"I'm really sorry", he said.  "Someone in my family died and it set me back in a lot of ways."

We came up with a new plan to finish things around here.  I met the carpenter and the three of us stood on the porch and assessed the damage to my roof and the plan to fix it.  It seemed too good to be true - the wayward painter and his handy sidekick telling me all they plan on accomplishing next Tuesday.  Will they really show up?  Past experience tells me not to bet the farm on that one but I hugged him anyway.

"Thank you for not being mad at me," Raul said.

"Thank you for coming back," I answered, and it occurred to me that maybe we were both letting go of some shit that's been weighing us down for months.

I watched them pull away and Jesus might have leaned in and whispered, "That's better, sister."

"I know," I whispered back.

Happy Easter.

Monday, March 30, 2015


"I can't accept this," she said as we both looked at the piece of paper on her desk.


It was this time last year that I was in preparation a panic for the Kansas City version of Listen To Your Mother - the wildly popular show that started in the Midwest and spread like wildlife - where selected writers would read an essay they wrote about motherhood before a very large audience.

Public speaking isn't my jam.  On any number of previous occasions when I'd have to introduce myself to a few people my heart would pound.  I would state my name in a shaky voice and relate some fascinating tidbit about myself to an audience who smiled back mostly in pity.

Friends, not-yet-friends, dearly beloved.....I am about to have a heart attack.  Can you hear that pounding?  If I drop dead here tell my husband and kids I love them and this was probably not at all how I thought I would go. Scratch that.  This is exactly how I thought I would go in the same nightmare over and over.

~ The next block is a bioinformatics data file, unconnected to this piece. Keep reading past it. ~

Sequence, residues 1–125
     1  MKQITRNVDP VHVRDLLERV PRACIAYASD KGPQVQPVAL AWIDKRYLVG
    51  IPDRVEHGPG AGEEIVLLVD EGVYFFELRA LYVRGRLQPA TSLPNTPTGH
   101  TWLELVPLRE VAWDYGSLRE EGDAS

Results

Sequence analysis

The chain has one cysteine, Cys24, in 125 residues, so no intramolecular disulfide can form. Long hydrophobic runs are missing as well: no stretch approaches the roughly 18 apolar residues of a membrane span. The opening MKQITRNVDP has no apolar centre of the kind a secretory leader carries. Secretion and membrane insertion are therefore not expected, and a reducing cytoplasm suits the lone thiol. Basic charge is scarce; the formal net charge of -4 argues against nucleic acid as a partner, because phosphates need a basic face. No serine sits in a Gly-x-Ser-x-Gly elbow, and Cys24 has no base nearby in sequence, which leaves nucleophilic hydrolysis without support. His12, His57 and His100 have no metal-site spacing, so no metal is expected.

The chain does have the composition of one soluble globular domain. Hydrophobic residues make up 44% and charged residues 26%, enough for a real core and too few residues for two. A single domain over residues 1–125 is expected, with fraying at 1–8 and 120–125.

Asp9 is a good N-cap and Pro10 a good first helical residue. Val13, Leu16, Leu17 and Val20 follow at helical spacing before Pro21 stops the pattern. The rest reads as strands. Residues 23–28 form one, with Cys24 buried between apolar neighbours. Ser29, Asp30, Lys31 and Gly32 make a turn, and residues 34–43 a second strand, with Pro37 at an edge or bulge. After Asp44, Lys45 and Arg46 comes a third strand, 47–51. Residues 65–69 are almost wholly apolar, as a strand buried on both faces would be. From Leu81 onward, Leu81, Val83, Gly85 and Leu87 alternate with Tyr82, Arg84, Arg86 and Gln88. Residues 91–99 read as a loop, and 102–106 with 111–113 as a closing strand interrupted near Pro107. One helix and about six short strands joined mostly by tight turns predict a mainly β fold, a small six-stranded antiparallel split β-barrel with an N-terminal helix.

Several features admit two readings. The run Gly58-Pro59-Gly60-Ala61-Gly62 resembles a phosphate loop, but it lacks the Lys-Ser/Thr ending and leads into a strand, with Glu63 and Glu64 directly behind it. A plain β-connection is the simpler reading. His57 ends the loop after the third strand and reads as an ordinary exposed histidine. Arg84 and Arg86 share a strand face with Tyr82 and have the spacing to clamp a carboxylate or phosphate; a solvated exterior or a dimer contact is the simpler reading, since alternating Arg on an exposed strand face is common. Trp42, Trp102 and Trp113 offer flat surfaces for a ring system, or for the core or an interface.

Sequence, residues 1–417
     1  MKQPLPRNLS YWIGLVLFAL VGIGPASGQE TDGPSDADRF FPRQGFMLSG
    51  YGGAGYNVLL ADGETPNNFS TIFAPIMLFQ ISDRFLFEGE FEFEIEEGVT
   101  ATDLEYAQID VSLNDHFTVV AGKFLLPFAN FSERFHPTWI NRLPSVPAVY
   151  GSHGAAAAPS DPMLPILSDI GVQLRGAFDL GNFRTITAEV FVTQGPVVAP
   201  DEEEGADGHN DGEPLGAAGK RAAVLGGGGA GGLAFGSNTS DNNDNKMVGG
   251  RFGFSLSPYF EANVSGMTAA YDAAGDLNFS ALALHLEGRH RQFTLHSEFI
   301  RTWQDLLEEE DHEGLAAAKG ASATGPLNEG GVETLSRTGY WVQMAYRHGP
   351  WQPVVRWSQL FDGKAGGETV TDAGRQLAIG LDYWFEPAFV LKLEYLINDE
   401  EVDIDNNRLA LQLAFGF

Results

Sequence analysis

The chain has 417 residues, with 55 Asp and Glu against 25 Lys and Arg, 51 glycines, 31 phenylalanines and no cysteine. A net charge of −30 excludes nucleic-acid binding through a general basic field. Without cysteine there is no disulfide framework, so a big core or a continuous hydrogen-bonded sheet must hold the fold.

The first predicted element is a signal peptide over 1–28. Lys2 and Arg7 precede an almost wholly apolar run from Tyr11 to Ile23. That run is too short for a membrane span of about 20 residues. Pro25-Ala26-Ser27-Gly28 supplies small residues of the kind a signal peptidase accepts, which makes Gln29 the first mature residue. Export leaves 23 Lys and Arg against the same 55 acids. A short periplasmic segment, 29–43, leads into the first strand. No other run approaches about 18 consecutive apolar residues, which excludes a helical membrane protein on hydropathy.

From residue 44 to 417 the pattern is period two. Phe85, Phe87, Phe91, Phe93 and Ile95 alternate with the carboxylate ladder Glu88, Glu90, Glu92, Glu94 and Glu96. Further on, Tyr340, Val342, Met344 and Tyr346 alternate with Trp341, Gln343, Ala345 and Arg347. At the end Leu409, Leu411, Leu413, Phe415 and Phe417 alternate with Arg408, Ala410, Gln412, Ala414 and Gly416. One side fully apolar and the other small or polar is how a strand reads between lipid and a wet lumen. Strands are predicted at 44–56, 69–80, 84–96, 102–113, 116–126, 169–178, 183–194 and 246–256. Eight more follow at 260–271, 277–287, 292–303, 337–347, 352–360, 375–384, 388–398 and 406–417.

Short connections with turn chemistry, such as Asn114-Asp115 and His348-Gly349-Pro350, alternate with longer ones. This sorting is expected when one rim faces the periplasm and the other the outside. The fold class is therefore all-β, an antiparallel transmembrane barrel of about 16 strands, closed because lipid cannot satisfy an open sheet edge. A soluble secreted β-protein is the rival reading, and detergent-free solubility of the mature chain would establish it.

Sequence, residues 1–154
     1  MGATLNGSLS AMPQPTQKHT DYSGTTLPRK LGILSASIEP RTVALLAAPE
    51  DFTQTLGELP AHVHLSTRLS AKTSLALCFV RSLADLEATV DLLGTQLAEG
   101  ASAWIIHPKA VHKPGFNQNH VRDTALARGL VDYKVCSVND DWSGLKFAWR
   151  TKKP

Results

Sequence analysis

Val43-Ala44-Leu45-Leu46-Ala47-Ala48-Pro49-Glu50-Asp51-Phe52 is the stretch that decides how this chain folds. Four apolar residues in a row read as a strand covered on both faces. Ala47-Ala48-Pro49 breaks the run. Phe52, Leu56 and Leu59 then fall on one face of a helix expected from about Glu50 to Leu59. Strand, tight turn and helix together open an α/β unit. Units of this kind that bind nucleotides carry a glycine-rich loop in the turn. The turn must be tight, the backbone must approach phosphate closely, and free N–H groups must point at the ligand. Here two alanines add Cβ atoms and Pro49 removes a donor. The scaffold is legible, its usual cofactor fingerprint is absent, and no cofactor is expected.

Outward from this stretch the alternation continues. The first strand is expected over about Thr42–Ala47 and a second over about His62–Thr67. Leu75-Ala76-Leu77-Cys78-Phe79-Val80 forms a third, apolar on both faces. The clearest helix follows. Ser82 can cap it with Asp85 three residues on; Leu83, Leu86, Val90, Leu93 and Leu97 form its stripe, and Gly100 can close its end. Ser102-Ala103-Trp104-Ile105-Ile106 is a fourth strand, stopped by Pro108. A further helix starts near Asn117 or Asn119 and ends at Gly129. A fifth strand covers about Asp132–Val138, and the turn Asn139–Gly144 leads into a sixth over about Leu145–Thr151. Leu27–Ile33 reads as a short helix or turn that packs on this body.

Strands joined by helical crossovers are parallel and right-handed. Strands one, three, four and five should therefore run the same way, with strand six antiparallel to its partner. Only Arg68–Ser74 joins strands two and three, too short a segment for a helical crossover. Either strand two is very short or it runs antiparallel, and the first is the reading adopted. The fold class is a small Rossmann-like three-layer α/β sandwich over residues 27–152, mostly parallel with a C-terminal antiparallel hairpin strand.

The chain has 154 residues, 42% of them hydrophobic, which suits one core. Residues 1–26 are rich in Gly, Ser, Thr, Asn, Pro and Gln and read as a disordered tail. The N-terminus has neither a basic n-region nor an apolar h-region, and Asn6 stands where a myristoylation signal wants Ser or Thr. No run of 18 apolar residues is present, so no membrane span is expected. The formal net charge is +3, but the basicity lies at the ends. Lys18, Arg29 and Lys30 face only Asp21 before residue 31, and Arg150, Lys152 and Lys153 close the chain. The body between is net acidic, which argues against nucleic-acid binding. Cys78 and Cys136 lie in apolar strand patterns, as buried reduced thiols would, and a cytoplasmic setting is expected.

But I decided that telling this story was worth the risk and so I submitted my work, auditioned and made the 2014 cast.  For weeks before the big day I watched youtube videos on how to publicly speak, how to calm your nerves before publicly speaking, how to successfully speak before an audience without humiliating yourself.  Some videos were so dumb that I spent mere seconds listening before I moved on to the next, but every night I diligently did my homework assignment. Even with all that information when I dared to imagine myself on stage I would dive headfirst into a full-blown panic attack.

You cannot pull this off I told myself a thousand times.

"You'll be great," my husband said.  The husband who has spent a career publicly speaking about what he does.

The morning of the show I practiced at home once again.  There was one part I choked up at every time.  This time a new part caught in my throat and three paragraphs in I flung the pages of my story across the room and wondered why I thought challenging myself like this was ever a good idea.

And then a funny thing happened.  Hours before showtime we all arrived at the venue and I was the calmest I'd been in weeks.  I did another practice on stage with the microphone and I didn't fumble, lose my place or get emotional.